Kerita's mother told her that if she wore jewelry she would never be poor. In the camp they lived in a hogan, but later on her mother insisted on building a real house so the girls would grow up in the modern world. Their father was more traditional, very traditional, she says, but this is a society where women run things, so Kerita's mother got her way. She took the girls to a Christian church because that was the modern way. Kerita went to school, too -- a boarding school because there was no other kind, and still is not, for children who live in sheep camps. She got her name "Kerita" there. She has another name, a Navajo name. She never told me that, and I never asked.
Two years ago her mother's sheep were sold. Kerita and her brothers and sisters sold them because the camp was falling into ruin, their mother was too old to manage the sheep alone, and none of the children wanted to live out there or shepherd the flock. Their mother had supported the family and had put the children through school by weaving her sheep's wool into rugs. She was a famous weaver of Ganado Reds in her time. Tears ran down her face when the sheep were sold, silent tears. Then she began to fall into ruin, too. Now she lives with Kerita. She hardly speaks. She half-lies, half-sits in a corner of Kerita's double-wide trailer like a collapsed sack with a mask for a face; her eyes never move, there is no expression in her mouth, she wears her silver and turquoise jewelry: bracelets, rings, necklaces, collar points, a concha belt. Her skirt is long and the toes of her black shoes poke out from the skirt like shoes that have been placed on the floor.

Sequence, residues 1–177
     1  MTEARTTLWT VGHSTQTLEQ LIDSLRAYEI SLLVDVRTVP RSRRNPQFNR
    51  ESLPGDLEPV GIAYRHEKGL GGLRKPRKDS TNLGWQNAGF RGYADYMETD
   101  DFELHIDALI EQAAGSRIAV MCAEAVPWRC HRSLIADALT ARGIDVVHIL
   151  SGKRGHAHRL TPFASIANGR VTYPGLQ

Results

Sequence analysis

Kerita is not married and she has no children of her own, but three of her sister's daughters live with her, too. They run in and out and hug the dogs and hug your knees and look up at you, and when you sit down they climb in your lap. One of them is a fetal alcohol syndrome child. She is vague, a little slow. Happy natured, but with a smile that is delayed in coming or fading.